How do I make half and half?

Assuming I start with milk and heavy cream, how many parts of each do I use?

Also how many parts of each for light cream?

I’m asking because I really like the unpasturized milk, but need something a little stronger for coffee and would like to make 1/2 and 1/2 from unpasterized milk and pasturized cream (since I don’t know where to get unpasturized cream.

That would be half milk and half cream…hence the name.

What about the other “half’n’half”? Half lager, and half brown ale? (This is what I assume, and I would never dilute a perfectly good Guinness.)

Would that be 1/2 milk and half light cream
1/2 milk and 1/2 heavy cream

and what would be the proportion for the other?

I don’t know if it’s half milk and half heavy cream or half milk and half light cream but why don’t you just mix whichever of them up to suit your taste? Who cares if it’s the “right” proportions?

Sorry, it’s half light cream and half milk. It has a milkfat content of about 10.5% - 18%. If you use heavy cream (> 36% milkfat), you should use about 1/3 cream and 2/3 milk to get about the same milkfat percentage.

thanks Q.E.D.

Not to imply that Q.E.D. was ever being less than transparently clear… but there’s maybe more to it than that. Whole milk is (nomally) roughly 3.5% - 4% milkfat. I have noticed that the “cream” varieties and how they are labelled varies widely according to region in the US. Here’s what one site says: : Creams vary according to the amount of butterfat they have. Lightest of all is half & half, which is half milk, half cream and weighs in with a butterfat content between 10.5 - 18%. It can’t be whipped, but it’s nice with coffee, or on cereal. Light cream = coffee cream = table cream is richer at 18 - 30% fat, but it still can’t be whipped. Light whipping cream = whipping cream (with a butterfat content of 30 - 36%) and heavy cream = heavy whipping cream (with at least 36% fat) are heavy enough to whip, and aren’t as prone as lower-fat creams to curdling in sauces. The higher the butterfat content, the less beating is required to get whipped cream. Europeans go for even heavier creams, like double cream (with a butterfat content of 42%), extra-thick double cream, and clotted cream = Devonshire cream, which is often spread like butter over scones. Look for clotted cream in large supermarkets, but (perhaps luckily) the double creams are very hard to find…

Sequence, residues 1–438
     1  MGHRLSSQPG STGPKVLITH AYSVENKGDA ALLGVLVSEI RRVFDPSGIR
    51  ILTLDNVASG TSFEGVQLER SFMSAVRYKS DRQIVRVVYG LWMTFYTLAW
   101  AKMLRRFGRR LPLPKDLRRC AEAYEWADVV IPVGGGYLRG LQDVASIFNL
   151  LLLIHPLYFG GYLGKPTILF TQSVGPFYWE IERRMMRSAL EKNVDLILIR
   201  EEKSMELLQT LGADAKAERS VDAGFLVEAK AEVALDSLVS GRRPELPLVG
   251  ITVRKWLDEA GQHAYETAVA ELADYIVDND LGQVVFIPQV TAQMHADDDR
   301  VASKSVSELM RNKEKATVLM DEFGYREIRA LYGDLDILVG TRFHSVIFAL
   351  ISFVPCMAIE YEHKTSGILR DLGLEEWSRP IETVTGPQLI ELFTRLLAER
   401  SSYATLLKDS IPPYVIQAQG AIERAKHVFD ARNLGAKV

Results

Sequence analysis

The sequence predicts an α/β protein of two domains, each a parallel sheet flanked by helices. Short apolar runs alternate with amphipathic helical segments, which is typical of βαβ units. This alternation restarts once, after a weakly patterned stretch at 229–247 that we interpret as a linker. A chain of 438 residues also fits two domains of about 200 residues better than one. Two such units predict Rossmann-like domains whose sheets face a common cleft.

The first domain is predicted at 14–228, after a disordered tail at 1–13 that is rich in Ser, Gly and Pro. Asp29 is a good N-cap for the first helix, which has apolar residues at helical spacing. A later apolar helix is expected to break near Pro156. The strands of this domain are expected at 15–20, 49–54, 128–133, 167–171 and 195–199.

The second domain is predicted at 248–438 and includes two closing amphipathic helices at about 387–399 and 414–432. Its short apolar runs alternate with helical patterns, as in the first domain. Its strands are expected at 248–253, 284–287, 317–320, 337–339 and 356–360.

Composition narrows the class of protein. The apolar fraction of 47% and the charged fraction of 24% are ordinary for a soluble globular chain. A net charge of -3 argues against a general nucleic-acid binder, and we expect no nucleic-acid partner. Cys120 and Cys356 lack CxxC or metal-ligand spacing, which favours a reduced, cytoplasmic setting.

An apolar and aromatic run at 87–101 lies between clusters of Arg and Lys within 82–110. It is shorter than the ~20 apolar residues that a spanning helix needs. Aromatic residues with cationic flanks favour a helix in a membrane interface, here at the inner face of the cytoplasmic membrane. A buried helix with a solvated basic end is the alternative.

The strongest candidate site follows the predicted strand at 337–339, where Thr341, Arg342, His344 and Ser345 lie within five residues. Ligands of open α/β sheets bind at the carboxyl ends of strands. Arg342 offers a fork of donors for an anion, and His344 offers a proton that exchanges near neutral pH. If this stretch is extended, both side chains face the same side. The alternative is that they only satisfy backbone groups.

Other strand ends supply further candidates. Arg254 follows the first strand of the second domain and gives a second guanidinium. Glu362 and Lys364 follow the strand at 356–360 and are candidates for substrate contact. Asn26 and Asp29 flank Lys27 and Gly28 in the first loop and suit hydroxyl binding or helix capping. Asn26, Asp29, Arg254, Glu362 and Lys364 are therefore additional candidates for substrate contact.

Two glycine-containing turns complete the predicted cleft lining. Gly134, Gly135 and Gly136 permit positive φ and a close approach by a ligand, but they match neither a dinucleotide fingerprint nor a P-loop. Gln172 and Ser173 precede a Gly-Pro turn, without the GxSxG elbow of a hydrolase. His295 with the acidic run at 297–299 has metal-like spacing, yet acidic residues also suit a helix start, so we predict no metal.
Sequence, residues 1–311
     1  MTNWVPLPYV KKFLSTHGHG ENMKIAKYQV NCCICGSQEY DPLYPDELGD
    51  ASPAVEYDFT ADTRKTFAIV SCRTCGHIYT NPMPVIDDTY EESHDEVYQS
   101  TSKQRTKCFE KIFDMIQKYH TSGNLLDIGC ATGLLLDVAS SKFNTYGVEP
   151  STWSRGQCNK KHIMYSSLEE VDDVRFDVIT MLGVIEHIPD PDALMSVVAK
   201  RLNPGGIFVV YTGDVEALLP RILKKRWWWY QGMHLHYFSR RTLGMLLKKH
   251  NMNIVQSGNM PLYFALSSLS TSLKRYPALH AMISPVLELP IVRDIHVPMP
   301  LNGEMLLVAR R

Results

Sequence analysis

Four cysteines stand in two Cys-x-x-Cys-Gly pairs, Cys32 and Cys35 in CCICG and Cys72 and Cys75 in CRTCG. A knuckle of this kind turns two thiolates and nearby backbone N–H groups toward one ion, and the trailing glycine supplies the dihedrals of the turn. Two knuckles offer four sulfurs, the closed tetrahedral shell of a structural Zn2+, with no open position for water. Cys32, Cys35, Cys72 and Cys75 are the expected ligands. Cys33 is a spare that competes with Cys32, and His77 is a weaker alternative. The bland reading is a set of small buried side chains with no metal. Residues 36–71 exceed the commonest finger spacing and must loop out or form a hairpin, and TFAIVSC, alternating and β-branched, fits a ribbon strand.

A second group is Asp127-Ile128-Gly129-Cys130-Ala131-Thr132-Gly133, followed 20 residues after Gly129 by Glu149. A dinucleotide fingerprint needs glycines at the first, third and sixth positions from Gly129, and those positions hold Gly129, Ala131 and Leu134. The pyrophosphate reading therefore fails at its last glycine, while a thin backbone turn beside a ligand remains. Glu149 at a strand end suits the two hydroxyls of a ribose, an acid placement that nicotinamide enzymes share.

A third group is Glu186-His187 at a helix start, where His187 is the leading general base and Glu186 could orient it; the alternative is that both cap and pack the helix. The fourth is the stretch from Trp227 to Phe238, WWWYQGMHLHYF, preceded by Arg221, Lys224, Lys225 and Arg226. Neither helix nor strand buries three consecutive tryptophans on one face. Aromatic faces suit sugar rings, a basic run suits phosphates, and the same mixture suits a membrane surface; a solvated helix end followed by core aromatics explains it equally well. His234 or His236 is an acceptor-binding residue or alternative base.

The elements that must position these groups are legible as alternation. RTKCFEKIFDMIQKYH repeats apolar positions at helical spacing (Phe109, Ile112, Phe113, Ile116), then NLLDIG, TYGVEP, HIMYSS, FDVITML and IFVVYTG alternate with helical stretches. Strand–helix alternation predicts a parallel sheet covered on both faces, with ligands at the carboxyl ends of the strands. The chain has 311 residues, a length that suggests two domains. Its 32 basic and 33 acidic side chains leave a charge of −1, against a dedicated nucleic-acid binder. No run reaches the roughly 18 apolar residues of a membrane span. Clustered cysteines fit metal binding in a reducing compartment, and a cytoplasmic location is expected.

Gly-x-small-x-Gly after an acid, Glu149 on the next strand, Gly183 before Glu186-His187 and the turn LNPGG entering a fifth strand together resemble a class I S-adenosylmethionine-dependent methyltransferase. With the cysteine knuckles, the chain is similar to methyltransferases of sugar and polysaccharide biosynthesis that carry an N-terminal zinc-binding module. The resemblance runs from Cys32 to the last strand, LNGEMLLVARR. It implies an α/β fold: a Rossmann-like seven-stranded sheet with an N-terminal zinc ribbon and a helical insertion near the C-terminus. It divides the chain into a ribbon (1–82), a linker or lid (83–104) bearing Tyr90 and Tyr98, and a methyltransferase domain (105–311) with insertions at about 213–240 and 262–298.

Here’s another:

So, kanicbird, you’ll have to look at the labels of what you get in the dairy case and do the math if you’re determined to be precise.

Whoa, postwarp. Sorry, I got distracted midway…

Q.E.D. is absolutely right; per USDA it’s half light cream and half whole milk for 1/2 & 1/2.

Commercial half-and-half is homogenized so that the cream distributes evenly throughout. I’m not sure you’ll be successful just pouring the two into the same container. The cream may wind up floating on the milk. You’ll have to experiment to see if you can get it to work.

If it floats you could alaways just shake it before using it…